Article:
augmentation of the salaries of the said 2. Īhat the 2$. Itamp duty to be im- judges, and justices, from the sth of Ja. posed by the third resolution of yesterday, nuary to the 5th of July 1759, accord be applied to the uses, to which the stamp ing to the proportions appointed by the duty repealed by the second resolution of said act, with respect to the augmentation yesterday was applicable.

therein mentioned. 3. That the additional stamp duty of 3: That out of any of the duties and 205. imposed by the fixth resolution of revenues in Scotland, which by an act yesterday be applied to the like uses to of 10 Anne were charged, or made which the duties upon policies of assur. chargeable, with the payment of the ance are at present applicable.

fees, fallaries and other charges allow4. That the same bounties be allowed ed, or to be allowed by her majesty upon all linens to be made in the Ife of her heirs or successors, for keeping up Man, and imported into Great Britain, the courts of session and justiciary, and which Mall be exported from thence, as 'exchequer court in Scotland, a fum not are allowed on the exportation of British exceeding 21001. be applied in avgmenor Irish linens, and under the same re- tation of the salaries of the judges in ftrictions and limitations.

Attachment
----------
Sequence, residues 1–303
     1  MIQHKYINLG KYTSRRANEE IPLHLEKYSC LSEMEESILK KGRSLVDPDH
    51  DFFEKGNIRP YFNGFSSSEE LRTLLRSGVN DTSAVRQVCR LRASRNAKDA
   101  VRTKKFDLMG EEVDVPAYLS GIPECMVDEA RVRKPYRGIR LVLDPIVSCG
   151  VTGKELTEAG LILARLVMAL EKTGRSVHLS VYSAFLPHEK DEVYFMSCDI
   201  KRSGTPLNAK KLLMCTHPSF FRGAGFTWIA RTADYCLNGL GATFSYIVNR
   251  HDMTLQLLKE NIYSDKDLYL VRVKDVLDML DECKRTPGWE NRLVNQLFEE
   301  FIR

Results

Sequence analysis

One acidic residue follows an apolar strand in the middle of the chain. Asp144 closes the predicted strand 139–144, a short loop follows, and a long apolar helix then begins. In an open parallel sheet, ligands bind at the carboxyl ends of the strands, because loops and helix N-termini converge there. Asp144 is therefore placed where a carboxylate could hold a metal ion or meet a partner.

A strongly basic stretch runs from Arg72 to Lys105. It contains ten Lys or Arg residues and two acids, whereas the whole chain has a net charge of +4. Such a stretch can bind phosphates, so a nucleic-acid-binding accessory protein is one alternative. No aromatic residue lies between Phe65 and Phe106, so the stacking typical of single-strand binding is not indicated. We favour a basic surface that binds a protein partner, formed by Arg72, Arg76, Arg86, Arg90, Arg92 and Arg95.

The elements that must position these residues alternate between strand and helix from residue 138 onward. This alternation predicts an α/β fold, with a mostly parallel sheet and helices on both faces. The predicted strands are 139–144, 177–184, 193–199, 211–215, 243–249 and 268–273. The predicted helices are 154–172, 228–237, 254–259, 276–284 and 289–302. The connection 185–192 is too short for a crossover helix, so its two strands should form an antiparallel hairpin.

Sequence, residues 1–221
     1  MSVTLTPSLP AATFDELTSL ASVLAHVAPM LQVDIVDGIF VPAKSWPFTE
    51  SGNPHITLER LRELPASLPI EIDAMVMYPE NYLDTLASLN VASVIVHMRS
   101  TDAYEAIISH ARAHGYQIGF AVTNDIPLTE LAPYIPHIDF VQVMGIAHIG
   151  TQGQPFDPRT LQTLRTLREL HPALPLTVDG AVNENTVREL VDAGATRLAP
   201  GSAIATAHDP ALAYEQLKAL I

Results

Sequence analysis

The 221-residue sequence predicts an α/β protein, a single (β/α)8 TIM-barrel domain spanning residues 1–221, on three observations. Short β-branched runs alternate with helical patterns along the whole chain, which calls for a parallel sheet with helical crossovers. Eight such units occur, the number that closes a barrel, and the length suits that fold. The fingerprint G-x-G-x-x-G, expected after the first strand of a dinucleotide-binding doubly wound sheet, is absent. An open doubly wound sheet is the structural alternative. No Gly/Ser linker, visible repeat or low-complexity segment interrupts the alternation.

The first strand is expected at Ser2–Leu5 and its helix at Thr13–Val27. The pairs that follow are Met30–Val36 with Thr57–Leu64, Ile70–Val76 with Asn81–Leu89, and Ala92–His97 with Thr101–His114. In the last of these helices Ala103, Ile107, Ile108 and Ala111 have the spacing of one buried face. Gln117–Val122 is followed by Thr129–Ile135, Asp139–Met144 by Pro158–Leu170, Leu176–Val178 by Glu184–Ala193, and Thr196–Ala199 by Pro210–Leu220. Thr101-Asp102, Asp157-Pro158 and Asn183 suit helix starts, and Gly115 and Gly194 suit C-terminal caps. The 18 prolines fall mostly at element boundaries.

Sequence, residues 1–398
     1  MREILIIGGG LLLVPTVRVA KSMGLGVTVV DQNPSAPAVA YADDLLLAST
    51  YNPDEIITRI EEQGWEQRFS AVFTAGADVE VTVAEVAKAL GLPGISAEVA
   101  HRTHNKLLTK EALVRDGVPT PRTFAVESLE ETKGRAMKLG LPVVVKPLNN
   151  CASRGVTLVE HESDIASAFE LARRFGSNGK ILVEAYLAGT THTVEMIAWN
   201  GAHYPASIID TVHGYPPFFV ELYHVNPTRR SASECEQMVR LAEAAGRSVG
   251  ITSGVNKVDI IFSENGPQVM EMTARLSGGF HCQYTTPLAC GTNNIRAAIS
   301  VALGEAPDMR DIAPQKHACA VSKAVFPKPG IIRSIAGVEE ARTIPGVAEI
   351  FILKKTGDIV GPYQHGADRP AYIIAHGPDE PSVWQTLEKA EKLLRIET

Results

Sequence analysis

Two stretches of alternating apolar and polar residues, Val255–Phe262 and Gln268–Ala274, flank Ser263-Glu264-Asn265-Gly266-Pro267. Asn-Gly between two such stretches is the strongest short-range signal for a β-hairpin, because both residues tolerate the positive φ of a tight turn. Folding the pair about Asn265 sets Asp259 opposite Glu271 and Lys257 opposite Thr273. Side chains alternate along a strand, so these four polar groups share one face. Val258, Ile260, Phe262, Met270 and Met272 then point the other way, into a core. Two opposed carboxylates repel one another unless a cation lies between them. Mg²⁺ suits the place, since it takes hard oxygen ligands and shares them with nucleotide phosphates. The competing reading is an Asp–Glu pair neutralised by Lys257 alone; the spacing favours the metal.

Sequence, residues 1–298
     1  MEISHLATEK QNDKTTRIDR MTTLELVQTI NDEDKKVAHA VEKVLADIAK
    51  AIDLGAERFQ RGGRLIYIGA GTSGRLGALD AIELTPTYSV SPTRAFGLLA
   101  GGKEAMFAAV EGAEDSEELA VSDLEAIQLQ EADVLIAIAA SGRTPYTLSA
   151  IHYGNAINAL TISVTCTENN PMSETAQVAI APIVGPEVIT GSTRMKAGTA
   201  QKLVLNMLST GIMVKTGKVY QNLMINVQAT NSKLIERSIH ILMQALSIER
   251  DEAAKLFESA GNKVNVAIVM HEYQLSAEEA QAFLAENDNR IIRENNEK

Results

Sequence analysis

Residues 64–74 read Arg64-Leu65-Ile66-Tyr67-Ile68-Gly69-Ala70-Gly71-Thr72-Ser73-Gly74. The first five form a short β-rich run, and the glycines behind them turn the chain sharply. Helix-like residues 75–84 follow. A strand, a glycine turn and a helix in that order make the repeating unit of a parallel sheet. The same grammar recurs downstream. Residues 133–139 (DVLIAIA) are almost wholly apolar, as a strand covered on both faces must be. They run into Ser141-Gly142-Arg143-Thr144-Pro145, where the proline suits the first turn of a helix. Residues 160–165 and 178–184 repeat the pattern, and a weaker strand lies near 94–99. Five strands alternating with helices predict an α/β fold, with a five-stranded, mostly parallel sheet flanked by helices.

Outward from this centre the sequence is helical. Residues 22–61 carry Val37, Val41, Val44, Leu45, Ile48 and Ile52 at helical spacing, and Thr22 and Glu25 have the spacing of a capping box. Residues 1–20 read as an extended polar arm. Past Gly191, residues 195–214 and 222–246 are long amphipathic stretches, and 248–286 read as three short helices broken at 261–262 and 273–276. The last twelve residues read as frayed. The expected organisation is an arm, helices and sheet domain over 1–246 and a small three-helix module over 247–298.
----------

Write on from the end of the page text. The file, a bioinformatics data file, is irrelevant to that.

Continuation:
the courts of session and exchequer there, 5. That the Inhabitants of the Ile of from the 5th of January to the sth of Man may import into any lawful port of July 1759, according to the proporti. Great Britain or Ireland, the bestials, or ons appointed by the said act of 32 Geo. any other goods, wares, and merchan. II. with respect to the augmentation dizes, of the growth, produce, and ma- thereby granted of the salaries of the said nufacture, of the said ise, except woollen Judges.